Street Fighting in the Lagoon
Posted by Andy Steves in on September 15, 2010.
We caught the next train with no other problems and arrived, bleary eyed, in Venice at 8:00 that morning. Our group of four split off to find our “budget hotel.” After a while, we decided we were lost. The streets in Venice change names randomly, and the numbers don’t follow any order at all. I then asked wearily for directions. My whole life Venetians have given me wrong directions. Young, old, male or female…it doesn’t matter. I don’t like them. In Venice you probably won’t get violently mugged or kidnapped, but you’ll get told the wrong way to a grocery store by a smiling grandma. The canals smell, are green with stagnant water and have shit floating in them. I know the wife will drag me back some day, but until then I’d be happy if I never go back. Anyways, I asked two middle-aged women in Italian where a street was, and they pointed the only direction that I knew it was not. We walked down that street a few meters just to make sure until we knew it was wrong. I then found the nicest lady I’ve ever met in Venice. She was Venetian but grew up in England and spoke perfect British English. She took me back to her place around the corner and brought down a 150-page map of Venice. We then found the exact block our hotel was on. I said “grazie e ciao” and went back to find my waiting friends and we found the place which was in opposite direction of our previous tip by the other Venetians who were still chatting on the corner.
We dropped off our bags in our loft-like room and went off to explore the city. Immediately we found a pizzeria just down the street where we would end up eating four of the next five meals. That afternoon we wandered the streets. Everything seemed a little quiet, so we asked around and found out two dockworkers had died earlier that week in an accident so the city cancelled the first day of Carnivale, which was essentially half our weekend. In the end, I was a bit disappointed by the lack of a party scene on the island. I always go to Venice optimistically thinking “maybe I’ll find something this time,” but usually never do.
On the other hand, this was the first time since I’ve been in Italy where the party happened in the daylight. On Saturday we did what you do in Venice: wander. Because the festival activities were cancelled, we just walked around all day. Street vendors were selling silly string and confetti. Having nothing else to do, my friends and I grabbed a few bottles and picked fights with young Venetians. We developed a baiting strategy to render our young opponent “dead” beyond a shadow of doubt. One of us would go out into the square and find some kids with the silly string in hand. He would sneak up behind and wait for an opportune time, then say “Raggazzi!!” and unleash the fury of the green and pink foam. The rest of us would wait on the steps of St. Mark’s Square and watch. With victims baited, he would then run back to us where we had our ammunition ready, safety switch off. Once the kids realized they were trapped, outmanned and outgunned, it was already too late. Just check out the pictures.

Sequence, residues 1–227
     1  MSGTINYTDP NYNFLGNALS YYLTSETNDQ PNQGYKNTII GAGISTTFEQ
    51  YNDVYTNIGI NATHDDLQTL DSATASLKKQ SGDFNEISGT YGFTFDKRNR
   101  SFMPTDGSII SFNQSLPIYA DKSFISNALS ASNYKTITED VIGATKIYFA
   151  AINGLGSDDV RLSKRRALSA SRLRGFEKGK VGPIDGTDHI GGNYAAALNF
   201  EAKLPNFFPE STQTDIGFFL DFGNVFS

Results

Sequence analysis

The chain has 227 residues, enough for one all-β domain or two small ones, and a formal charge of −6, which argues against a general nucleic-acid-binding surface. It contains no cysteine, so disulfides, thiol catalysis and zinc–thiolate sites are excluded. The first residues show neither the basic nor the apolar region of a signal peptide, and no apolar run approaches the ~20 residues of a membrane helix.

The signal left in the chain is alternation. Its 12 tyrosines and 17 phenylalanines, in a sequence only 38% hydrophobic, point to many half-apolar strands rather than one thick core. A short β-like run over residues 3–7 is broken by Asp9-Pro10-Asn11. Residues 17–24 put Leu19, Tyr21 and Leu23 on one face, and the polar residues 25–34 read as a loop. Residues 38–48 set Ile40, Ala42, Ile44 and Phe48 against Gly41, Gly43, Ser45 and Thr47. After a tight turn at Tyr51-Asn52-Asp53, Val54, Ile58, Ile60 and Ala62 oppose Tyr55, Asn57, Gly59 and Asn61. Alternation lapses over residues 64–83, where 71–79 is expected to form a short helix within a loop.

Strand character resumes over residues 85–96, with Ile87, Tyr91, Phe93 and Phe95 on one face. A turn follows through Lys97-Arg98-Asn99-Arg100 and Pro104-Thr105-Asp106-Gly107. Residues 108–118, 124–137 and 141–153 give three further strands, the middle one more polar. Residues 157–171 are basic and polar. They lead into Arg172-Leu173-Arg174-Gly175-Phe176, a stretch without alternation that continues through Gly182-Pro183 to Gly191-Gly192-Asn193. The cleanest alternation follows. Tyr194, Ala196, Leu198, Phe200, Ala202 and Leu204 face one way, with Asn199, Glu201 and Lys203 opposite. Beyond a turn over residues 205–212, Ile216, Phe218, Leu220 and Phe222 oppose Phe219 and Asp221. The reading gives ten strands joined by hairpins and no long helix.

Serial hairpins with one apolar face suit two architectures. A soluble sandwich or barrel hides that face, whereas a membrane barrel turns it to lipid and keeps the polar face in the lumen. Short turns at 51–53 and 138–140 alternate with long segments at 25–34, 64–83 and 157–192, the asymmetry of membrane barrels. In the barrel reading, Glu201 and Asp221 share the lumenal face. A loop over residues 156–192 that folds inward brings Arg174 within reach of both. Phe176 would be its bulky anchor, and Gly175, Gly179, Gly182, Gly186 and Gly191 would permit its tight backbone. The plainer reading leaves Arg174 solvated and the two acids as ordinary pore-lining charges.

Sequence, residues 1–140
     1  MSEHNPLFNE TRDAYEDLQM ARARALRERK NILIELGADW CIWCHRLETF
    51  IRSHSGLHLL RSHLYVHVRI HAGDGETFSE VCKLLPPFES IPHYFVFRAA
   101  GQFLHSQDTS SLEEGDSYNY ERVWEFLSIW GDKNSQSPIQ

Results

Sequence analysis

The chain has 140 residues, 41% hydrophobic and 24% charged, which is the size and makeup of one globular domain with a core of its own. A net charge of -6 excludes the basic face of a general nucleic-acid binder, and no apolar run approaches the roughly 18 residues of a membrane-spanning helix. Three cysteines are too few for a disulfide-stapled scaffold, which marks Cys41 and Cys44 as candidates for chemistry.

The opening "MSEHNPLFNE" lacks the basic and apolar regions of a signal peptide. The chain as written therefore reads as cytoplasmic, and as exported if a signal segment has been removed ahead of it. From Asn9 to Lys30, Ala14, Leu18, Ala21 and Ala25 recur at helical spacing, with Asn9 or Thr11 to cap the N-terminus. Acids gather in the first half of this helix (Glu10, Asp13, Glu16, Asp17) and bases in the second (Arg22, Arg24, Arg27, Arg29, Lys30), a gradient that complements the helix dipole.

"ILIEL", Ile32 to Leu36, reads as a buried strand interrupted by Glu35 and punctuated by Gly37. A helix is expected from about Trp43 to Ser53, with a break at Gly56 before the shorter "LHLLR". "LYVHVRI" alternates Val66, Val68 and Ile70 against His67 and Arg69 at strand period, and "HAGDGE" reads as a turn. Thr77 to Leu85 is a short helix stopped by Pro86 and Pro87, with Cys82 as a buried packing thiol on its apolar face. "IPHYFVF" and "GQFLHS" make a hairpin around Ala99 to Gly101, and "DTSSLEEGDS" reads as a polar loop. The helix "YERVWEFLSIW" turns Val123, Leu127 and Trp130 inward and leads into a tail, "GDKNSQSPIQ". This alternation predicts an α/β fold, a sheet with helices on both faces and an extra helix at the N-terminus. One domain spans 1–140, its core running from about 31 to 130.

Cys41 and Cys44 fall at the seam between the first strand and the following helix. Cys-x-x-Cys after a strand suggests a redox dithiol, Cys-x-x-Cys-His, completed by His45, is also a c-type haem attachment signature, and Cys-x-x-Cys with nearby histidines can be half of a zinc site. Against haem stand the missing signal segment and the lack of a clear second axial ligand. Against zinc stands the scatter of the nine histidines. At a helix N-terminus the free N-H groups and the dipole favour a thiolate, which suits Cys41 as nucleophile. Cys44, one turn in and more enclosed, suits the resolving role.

On Sunday morning we went out to catch a Gregorian Mass out on the island of St. Giorgio Maggiore. We had to get up early, walk across the entire island, and then catch a ferry from St. Mark’s. We followed the signs downstairs and into a backroom chapel where we found 20 Italians and a few priests. The one playing piano would fall asleep on it until the one next to him poked him when he was supposed to play. This was the first Italian Mass I’d been to. I could catch most of it, but I was definitely lost when it was the congregation’s turn to say the creed and other things. The Gregorian part was pretty cool. I think that just means they sing everything? I don’t know but that’s what it seemed like. We left the Mass and paid a few euros to go up the bell tower where we had a panoramic view of the entire lagoon. From there, we could see that St. Mark’s Square was absolutely packed, so after a few minutes we went back down to catch the boat to the party.
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